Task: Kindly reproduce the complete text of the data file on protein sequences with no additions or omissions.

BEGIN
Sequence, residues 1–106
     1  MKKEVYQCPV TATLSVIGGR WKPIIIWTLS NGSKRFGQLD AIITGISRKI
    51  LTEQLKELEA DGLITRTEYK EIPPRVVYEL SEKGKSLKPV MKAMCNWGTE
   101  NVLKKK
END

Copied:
Sequence, residues 1–106
     1  MKKEVYQCPV TATLSVIGGR WKPIIIWTLS NGSKRFGQLD AIITGISRKI
    51  LTEQLKELEA DGLITRTEYK EIPPRVVYEL SEKGKSLKPV MKAMCNWGTE
   101  NVLKKK